1932

Abstract

Breast cancer risk is highly variable within the population and current research is leading the shift toward personalized medicine. By accurately assessing an individual woman's risk, we can reduce the risk of over/undertreatment by preventing unnecessary procedures or by elevating screening procedures. Breast density measured from conventional mammography has been established as one of the most dominant risk factors for breast cancer; however, it is currently limited by its ability to characterize more complex breast parenchymal patterns that have been shown to provide additional information to strengthen cancer risk models. Molecular factors ranging from high penetrance, or high likelihood that a mutation will show signs and symptoms of the disease, to combinations of gene mutations with low penetrance have shown promise for augmenting risk assessment. Although imaging biomarkers and molecular biomarkers have both individually demonstrated improved performance in risk assessment, few studies have evaluated them together. This review aims to highlight the current state of the art in breast cancer risk assessment using imaging and genetic biomarkers.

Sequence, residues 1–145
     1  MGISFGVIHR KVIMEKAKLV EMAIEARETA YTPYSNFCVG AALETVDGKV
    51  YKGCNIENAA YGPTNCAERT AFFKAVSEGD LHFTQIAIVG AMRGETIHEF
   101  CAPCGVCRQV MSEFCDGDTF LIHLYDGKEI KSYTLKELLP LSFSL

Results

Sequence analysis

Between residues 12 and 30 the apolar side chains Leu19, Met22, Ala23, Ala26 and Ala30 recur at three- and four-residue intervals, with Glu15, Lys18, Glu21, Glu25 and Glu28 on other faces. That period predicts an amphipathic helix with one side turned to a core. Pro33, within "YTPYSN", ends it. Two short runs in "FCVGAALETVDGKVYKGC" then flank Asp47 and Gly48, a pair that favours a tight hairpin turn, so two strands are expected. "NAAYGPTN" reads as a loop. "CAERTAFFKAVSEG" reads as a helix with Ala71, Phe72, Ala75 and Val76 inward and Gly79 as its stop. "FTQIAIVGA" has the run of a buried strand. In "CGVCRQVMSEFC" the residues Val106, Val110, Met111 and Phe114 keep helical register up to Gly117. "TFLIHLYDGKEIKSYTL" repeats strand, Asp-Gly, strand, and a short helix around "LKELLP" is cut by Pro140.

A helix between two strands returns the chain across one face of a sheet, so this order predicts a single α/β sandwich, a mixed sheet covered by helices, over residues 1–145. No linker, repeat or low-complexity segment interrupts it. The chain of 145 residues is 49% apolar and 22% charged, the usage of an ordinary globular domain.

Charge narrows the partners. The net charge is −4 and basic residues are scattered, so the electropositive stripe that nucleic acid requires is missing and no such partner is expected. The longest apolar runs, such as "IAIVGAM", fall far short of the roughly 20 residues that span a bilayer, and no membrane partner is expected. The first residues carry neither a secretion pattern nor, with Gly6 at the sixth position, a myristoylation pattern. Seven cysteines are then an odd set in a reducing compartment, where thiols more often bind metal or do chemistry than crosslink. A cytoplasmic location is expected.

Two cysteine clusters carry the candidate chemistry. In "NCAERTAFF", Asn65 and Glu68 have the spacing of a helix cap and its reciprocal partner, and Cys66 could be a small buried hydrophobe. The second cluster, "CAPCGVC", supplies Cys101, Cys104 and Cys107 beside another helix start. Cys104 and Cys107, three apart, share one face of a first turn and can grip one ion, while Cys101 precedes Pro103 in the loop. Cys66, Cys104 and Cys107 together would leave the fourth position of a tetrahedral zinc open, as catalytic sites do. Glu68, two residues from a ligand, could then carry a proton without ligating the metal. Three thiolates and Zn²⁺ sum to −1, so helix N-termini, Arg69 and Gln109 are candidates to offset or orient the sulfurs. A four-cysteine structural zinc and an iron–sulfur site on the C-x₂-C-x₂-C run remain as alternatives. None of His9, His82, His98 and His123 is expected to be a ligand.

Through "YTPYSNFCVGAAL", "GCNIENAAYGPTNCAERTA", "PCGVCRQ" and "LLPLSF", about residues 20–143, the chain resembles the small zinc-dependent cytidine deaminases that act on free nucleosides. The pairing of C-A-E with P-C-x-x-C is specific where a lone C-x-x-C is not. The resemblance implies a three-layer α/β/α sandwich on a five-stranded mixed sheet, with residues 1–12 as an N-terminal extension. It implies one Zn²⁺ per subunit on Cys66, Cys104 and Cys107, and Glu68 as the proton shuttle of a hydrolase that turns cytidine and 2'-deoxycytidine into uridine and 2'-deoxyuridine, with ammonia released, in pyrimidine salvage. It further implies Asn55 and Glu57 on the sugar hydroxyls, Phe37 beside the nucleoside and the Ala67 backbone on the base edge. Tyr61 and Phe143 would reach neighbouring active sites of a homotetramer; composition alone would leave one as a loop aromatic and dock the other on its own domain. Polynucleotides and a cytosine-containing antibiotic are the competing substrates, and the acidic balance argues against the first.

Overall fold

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/content/journals/10.1146/annurev-biodatasci-020722-092748
2023-08-10
2024-06-14
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